Calendula is a potent but gentle herb that has many uses:
- Add calendula infused oil to healing salves. Rub it on cuts and scrapes in place of antibacterial ointments.
- Use oil or salve for diaper rash, skin rashes, and many other skin issues.
- Add calendula oil to an earache remedy (I use garlic oil and add whatever other helpful herbs I have).
- Use calendula tea as a gargle for a sore throat or mouth abrasions.
- Add some calendula tea to the bath to soothe the skin.
- Calendula petals are also wonderful additions to a salad. They will brighten up any plate of greens!
Calendula is also a great help in the garden, attracting beneficials, repelling some pests, and bringing beauty to the garden.
How to Grow Calendula
This gorgeous bloom is simple to grow in any garden. I love to plant easy-to-grow plants, and calendula definitely makes the list!
How to Plant Calendula
Calendula is easy to grow from seed. All you need to do is plant your seeds in seed starting soil and pots and keep them evenly moist. You can plant them inside 6-8 weeks before the last frost or direct sow them after the last frost.
When it’s time for them to go outside, plant seedlings (or seeds) at least 12 inches apart. The plants grow 18-24 inches high and 12-24 inches wide. I like to plant calendula with other plants to help with pests and bringing in beneficial. If there is an empty corner somewhere I’ll probably fill it with calendula.
How to Care For Calendula
Calendula likes full sun and rich soil and it will bloom monthly through the growing season. It can be encouraged to produce more blooms by removing spend flowers and adding fertilizer (like manure tea).
How to Harvest Calendula
Ideally, you will pick calendula flowers when they are at their peak. Once the flowers have opened fully, start picking! Then continue to pick every few days throughout the season.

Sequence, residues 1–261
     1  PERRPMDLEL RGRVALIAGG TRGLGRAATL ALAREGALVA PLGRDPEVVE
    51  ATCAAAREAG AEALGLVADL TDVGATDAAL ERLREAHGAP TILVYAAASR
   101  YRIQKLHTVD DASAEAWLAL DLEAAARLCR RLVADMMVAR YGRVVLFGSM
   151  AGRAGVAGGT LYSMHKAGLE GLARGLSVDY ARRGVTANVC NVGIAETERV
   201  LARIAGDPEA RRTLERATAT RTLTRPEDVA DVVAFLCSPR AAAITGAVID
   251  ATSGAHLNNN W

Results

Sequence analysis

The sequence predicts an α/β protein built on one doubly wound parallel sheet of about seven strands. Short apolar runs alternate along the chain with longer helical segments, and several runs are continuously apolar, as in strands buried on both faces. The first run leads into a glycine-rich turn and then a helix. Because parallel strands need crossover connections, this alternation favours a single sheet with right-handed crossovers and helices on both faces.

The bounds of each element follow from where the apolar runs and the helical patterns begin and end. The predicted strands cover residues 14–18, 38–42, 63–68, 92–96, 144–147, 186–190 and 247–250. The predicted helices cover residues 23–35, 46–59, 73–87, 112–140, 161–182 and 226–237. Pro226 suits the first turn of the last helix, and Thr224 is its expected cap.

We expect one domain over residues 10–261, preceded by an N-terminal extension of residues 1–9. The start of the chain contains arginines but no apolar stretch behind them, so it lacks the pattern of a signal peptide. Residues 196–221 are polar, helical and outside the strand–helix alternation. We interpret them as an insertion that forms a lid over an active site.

The more you pick, the more flowers will bloom! If blooms start to go to seed, you may not get any more flowers, so keep picking those flowers!
For medicinal or culinary use, cut as close to the flower head as possible. Harvest mid-day when flowers are dry. If you want to use the flowers in a meal, simple take the petals off of the flower and add to your dish.
Once harvested, bring them inside and place on a drying screen or in a dehydrator at no more than 95 degrees F. If you live in a humid area, a dehydrator may be a better choice.
Dried calendula herb will keep for about a year if not longer.
How to Save Calendula Seeds
Calendula seeds are one of my favorite seeds. They are very unusual — looking like a worm or bug! They’re also really easy to harvest from spent blooms in late summer.
When you are ready to let your plant go to seed at the end of the season, simply stop picking the blooms. They will begin to change shape and grow greens seeds. Wait until the seeds are brown before collecting though.
Calendula is very good at reseeding, so you could also just let it do its thing and trust that you will have calendula next year!
Calendula Benefits and Uses for All!
I can’t get enough of this amazing flower/herb. It’s a go-to in my natural medicine cabinet as well as my garden.
It’s even a fun burst of color sprinkled on a salad.
I have also fed year-old calendula herb to my chickens who were very appreciative!
Do you love calendula as I do? What do you use it for?